BALTIMORE (Stockpickr) -- It's time to turn to a life of sin -- for your portfolio, that is.
As investor anxiety ramps up in April, market participants are getting desperate about their trades, turning to treasuries, cash, and -- dare I say it --
But don't let the name fool you; sin stock companies aren't exactly in the business of burning down old folks' homes. Instead, alcohol, tobacco, gambling and weapons firms are all classical examples of sin stocks.
So what makes sin stocks so attractive when anxiety ratchets higher?
For starters, sin stocks tend to be businesses that provide a stress outlet for consumers. As a result, recession resistant revenues and sticky customer bases are the norm. The devil's in the details with sin stocks; because these firms generally sport wide economic moats and deeper margins than traditional consumer plays, sin stocks benefit from an extra qualitative boost that you can't find in any other group right now. In 2012 the data already prove that to be the case.
In the past three months, the
has gained around 5% -- but over that same period, the aptly-named
(VICEX), a sin stock-focused mutual fund, has actually gained nearly twice as much over that same period. That's an auspicious sign for investors looking for relative strength right now.
Not all of the names in this group are created equal right now. Here's a look at
Philip Morris International
First up is tobacco giant
Philip Morris International
, the second-largest tobacco company in the world, with around 16% of the overseas tobacco market. "Overseas" is the operative word in that sentence -- PM is the result of
splitting off its international business in 2008. As such, all of its operations are based outside the U.S. PM owns a handful of popular tobacco brands, including flagship Marlboro, and L&M, Parliament and Chesterfield.
Staying out of the U.S. tobacco market carries a mix of advantages and disadvantages. On the plus side, PM is spared from the drag of potential litigation here at home, and it gets to operate in markets that aren't as saturated as the U.S. But the minus column includes having to deal with the impact of a strong U.S. dollar over the last few years. Because PM earns its sales in foreign currencies and reports earnings in dollars, a strong dollar effectively reduces the firm's profitability.
But ultimately those factors are secondary to PM's growth story. Exposure to attractive markets like China and India has fuelled impressive revenue growth over the last several years. Key partnerships (like the one with China National Tobacco in the People's Republic) should help Philip Morris take share from smaller regional brands.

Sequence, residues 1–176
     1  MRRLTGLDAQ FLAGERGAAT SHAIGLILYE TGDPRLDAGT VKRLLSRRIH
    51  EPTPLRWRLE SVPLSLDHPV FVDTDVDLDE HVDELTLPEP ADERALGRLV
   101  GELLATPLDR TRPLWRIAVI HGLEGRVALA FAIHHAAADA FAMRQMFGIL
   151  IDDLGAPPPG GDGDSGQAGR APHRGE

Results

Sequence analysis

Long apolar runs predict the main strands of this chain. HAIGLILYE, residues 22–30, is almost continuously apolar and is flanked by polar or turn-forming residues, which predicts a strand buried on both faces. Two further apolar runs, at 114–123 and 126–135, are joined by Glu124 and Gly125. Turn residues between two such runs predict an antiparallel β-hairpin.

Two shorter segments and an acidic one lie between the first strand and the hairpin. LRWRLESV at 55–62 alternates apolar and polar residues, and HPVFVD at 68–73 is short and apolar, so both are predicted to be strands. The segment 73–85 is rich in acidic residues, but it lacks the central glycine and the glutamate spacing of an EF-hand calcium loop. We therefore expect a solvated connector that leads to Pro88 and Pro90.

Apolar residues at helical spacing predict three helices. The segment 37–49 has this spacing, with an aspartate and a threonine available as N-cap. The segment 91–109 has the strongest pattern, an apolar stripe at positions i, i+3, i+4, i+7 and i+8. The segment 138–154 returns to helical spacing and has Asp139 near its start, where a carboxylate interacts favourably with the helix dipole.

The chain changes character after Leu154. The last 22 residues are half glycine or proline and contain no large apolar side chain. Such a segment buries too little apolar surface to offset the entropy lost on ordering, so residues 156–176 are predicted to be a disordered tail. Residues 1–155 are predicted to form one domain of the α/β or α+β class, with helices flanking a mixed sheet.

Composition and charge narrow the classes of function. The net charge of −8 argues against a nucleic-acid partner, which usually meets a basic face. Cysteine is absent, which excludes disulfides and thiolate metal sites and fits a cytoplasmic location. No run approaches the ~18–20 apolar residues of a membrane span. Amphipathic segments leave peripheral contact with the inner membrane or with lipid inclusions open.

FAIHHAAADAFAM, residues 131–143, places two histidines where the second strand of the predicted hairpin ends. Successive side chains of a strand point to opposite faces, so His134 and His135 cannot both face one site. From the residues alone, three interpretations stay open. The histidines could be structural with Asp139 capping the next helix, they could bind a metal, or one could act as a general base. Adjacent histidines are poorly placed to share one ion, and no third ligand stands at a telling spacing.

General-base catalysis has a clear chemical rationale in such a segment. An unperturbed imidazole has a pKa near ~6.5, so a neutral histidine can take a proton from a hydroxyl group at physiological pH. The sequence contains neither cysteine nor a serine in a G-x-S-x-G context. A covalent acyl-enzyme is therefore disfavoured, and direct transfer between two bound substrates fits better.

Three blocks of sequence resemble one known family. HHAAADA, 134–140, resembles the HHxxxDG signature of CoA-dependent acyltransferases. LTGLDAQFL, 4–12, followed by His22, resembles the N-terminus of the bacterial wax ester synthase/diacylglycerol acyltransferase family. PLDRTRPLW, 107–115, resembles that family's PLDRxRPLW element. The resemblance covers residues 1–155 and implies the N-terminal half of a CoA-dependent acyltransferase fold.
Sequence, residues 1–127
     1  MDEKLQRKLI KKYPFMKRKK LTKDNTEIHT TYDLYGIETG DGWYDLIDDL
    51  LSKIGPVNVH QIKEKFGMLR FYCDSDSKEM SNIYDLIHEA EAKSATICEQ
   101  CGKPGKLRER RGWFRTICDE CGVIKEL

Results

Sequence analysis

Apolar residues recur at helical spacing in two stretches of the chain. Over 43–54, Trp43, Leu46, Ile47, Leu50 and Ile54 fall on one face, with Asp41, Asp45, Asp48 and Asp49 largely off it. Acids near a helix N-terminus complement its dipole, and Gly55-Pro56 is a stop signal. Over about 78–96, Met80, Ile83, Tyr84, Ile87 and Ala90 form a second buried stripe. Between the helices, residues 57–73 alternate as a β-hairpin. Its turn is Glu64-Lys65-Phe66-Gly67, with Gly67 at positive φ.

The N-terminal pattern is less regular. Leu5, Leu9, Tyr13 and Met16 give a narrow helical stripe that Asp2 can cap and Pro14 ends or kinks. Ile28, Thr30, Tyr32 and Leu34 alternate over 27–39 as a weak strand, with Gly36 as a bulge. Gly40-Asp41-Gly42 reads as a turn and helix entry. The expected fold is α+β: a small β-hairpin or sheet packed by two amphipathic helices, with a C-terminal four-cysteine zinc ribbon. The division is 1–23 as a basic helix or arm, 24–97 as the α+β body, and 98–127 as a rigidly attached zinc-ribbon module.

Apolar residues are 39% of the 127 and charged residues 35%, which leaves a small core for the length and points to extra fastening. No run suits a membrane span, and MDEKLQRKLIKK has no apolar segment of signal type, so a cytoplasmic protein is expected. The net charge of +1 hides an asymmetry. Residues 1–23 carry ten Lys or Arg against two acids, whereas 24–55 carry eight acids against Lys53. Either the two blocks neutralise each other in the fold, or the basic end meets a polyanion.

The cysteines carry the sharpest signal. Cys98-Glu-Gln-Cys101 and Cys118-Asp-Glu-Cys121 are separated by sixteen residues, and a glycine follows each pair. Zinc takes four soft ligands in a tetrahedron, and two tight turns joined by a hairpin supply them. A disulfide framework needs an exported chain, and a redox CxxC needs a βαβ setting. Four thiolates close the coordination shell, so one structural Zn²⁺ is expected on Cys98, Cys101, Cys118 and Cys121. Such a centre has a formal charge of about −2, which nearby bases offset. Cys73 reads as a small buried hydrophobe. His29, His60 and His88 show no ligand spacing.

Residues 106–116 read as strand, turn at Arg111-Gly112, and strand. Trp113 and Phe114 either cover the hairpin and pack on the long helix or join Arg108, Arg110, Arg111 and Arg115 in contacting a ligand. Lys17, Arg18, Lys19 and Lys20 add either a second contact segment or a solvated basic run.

Meanwhile, a 3.54% dividend yield on shares is a pretty attractive incentive for investors right now.
I also featured Philip Morris, one of
, in "
Molson Coors Brewing
Another sin stock giant is
Molson Coors Brewing
, one of the largest beer brewers in the world. Brands in TAP's stable include namesake Molson and Coors, as well as Keystone, Blue Moon and Leinenkugel. Through a partnership with
(SBMRY: Pink Sheets), the firm also owns a stake in Miller's brands here in the U.S.
Molson Coors has focused on cost savings in recent years, realizing more than $750 million in annual synergies from its MillerCoors joint venture alone. In a mature, saturated market, that focus on cost has been a critical component in TAP's success. So has embracing the craft beer category, one of the fastest-growing areas in the alcoholic beverage market. By offering its own craft beers, like Batch 19, Molson Coors is able to find growth that it can't touch with its mainline beer brands.
This month's announcement that TAP was acquiring StarBev for $3.5 billion marks a big revenue shift for the firm -- it'll add significant exposure to the Central and European beer markets, places where beer consumption has traditionally been strong.
On the investor side, Molson Coors currently pays out a 3.13% dividend yield.
Molson Coors shows up on a list of
is a defense giant, producing everything from ships and tanks to secure communications equipment for the Defense Department. That exposure to warfare gives GD "sin stock" status.